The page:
Fri, May 12, 2006 - Page 2 News List

Legislative committee to investigate nuclear budget

MUSHROOMING A group will look into the rising costs of the nation's fourth nuclear power plant as well as the rapid increase in the project's additional budgets


Members of the Legislative Yuan's Economic Affairs Committee have formed an ad hoc subcommittee to investigate why additional spending for the nation's fourth nuclear power plant has risen so sharply while construction has been delayed for so long.

The subcommittee's convener, Hsu Shou-po (許舒博) of the Chinese Nationalist Party (KMT), said that the group initially decided to examine 227 contracts that were worth more than NT$1 million (US$31,000) but finished up being approved at a price 95 percent higher than the bottom line.

Of those 227 contracts, 67 would be targets of the group's investigation.

"When Taiwan Power officials learned of our decision, they were delighted, making me feel that something might have gone awry," Hsu said.

"So we decided to lower the bar a bit, to look into any contract that was signed at a value of 94 percent above the bottom line. That immediately increased the number of target cases to over 100," he added.

Another focus of the group's investigation would be the sharp increase in additional budgets for the project, according to Hsu, who noted that as of last year, the government had approved NT$143.6 billion in funds for the project, equal to 84.3 percent of its total budget of NT$169.7 billion.

However, with that number of approved budgets, the aggregate engineering project was only 58.6 percent complete, with construction -- which is still in progress -- merely 43.8 percent complete by 2004.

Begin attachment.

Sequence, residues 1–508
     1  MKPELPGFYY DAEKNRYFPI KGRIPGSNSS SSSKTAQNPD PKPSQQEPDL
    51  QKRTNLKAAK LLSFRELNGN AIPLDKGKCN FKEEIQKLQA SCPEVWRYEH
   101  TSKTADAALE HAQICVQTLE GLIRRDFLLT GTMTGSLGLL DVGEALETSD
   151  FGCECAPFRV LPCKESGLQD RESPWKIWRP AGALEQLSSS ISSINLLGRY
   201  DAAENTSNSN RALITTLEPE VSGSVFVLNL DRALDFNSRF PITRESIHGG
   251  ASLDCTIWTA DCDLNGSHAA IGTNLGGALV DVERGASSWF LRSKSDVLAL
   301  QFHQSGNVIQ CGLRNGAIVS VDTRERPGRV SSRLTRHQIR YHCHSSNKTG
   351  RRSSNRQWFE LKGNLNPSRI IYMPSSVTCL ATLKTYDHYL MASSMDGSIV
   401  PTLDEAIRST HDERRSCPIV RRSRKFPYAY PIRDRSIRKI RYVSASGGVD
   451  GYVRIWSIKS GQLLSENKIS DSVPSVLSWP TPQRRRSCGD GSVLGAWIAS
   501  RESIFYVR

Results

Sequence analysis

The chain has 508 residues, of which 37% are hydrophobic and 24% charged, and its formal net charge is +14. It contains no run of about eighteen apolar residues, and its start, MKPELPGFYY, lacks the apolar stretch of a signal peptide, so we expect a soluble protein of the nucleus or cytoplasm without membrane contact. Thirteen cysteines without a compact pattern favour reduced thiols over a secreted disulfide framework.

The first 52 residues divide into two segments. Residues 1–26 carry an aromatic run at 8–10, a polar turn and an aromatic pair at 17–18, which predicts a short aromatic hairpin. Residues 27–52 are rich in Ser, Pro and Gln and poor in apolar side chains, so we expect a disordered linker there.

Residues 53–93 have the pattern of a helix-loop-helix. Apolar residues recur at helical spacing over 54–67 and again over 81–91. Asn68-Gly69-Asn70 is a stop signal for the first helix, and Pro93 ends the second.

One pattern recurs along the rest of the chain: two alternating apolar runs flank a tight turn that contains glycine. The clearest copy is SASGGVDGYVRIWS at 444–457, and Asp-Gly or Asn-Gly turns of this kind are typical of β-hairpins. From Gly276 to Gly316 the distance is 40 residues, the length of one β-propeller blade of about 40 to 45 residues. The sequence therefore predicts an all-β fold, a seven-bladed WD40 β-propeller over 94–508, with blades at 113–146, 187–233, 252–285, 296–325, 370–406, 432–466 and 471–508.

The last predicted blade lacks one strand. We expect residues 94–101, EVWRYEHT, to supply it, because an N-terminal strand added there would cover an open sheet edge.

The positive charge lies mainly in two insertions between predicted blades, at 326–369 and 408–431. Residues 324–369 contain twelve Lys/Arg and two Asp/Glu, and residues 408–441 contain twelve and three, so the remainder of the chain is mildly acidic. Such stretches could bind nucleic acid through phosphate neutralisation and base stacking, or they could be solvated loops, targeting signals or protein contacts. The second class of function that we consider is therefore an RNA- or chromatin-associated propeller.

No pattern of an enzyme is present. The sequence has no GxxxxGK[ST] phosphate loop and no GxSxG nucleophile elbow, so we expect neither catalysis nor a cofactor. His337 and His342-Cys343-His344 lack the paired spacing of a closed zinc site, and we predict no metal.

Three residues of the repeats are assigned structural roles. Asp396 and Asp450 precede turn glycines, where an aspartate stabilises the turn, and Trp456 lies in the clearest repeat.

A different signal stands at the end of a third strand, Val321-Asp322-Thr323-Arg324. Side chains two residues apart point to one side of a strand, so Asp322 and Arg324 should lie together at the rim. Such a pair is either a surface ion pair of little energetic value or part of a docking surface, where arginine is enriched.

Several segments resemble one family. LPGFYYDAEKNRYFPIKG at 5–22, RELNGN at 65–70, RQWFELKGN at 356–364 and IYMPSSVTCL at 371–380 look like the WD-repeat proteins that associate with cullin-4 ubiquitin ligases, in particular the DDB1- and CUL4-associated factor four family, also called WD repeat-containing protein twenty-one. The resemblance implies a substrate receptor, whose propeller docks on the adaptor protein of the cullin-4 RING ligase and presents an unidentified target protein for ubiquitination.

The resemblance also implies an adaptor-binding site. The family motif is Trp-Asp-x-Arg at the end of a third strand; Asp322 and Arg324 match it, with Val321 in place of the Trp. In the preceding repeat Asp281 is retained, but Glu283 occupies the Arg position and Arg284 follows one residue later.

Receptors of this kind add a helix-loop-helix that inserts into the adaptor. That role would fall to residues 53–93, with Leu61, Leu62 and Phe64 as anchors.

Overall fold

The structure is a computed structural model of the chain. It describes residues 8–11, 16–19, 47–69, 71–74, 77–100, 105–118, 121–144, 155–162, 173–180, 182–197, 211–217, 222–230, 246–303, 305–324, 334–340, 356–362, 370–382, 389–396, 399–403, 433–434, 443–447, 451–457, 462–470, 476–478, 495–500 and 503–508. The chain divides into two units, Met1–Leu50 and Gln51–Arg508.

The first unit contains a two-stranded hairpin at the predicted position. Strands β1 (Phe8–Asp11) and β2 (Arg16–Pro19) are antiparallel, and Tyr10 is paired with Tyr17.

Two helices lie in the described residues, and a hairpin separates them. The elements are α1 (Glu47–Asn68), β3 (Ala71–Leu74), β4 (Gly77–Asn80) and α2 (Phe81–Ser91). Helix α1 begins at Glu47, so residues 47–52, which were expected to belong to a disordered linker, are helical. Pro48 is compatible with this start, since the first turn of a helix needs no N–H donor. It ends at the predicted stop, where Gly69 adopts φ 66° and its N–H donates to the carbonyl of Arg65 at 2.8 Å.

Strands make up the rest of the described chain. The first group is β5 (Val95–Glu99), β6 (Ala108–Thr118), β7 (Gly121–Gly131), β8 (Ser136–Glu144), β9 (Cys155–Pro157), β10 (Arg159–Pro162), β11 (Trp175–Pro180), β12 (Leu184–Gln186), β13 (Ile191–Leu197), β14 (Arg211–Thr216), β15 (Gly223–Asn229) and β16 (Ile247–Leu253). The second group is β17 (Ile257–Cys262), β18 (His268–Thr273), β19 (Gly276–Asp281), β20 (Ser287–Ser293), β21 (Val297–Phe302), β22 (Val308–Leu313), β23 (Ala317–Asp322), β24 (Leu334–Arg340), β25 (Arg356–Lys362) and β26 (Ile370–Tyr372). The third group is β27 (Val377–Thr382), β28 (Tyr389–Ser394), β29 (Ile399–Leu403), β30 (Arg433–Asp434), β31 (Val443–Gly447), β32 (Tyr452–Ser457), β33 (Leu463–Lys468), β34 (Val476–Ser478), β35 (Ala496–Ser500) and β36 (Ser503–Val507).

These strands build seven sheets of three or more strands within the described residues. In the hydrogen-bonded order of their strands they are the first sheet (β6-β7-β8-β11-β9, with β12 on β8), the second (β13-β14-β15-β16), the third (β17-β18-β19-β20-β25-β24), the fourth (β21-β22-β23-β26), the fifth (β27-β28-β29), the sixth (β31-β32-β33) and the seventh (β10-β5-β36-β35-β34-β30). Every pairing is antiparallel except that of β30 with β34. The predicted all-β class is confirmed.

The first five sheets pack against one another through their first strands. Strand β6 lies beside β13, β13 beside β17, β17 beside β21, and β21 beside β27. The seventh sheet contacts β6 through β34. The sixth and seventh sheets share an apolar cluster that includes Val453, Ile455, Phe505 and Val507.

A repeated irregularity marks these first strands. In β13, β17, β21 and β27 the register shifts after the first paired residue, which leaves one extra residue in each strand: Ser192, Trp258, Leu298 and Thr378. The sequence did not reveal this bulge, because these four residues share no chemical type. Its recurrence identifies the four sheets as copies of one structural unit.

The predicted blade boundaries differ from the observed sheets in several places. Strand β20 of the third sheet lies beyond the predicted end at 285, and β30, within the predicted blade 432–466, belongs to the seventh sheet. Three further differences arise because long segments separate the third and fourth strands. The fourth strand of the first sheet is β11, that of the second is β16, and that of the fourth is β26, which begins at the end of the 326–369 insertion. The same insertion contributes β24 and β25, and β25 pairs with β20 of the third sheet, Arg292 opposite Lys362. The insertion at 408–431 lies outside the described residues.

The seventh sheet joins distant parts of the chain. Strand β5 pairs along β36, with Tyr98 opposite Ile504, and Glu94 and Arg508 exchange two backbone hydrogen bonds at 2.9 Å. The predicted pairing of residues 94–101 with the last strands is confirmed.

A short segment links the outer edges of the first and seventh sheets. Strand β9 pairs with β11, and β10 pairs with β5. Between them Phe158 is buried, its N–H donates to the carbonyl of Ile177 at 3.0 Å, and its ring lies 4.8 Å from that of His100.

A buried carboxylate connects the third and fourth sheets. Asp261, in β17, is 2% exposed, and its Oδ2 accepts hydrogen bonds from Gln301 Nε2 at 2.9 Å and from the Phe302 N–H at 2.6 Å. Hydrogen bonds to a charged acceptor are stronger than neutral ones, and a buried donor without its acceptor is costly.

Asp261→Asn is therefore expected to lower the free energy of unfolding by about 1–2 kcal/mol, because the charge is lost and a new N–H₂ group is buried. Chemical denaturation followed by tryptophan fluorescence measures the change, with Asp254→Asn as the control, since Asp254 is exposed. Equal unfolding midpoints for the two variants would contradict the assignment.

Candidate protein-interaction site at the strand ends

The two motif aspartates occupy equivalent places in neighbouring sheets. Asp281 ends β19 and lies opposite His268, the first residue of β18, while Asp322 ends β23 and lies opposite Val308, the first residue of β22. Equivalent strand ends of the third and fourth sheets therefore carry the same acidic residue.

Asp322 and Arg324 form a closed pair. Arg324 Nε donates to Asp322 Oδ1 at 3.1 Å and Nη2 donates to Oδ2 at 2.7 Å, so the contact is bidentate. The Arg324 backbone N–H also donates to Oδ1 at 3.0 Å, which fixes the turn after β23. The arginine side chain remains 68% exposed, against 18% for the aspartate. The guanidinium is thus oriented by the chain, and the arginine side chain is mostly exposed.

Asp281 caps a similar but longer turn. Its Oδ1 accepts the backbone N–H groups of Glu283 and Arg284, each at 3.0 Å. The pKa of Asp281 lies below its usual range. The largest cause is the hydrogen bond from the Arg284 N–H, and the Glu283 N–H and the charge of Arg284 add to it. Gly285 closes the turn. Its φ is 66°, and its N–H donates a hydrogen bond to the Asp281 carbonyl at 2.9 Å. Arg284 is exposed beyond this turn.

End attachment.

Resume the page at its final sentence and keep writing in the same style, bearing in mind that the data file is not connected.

The Ministry of Economic Affairs, which had twice funneled extra money to the project for a total of NT$242.7 billion, is now considering Taipower's request to add a third supplement of NT$54.3 billion, while the total delay in construction has added up to 39.5 months.

The legislative committee has cast doubts on the enormous supplementary spending and long delays in the building process when it compared the current project with the nation's first three nuclear power plants.

The first plant, whose initial budget was NT$12.8 billion, had six funding supplements for a grand total of NT$29.6 billion while the building period was extended by three years and three months.

The second plant's initial budget stood at NT$21.9 billion. After receiving additional funding on four occasions and being delayed by nearly two years, it was completed with a total budget of NT$63 billion.

The budget for the third plant was increased three times and nearly three-fold so that its total budget rose steeply from the planned NT$35.8 billion to NT$97.5 billion.

The committee on March 27 decided to freeze half of this year's budget for the Fourth Nuclear Power Plant project pending the group's investigation.

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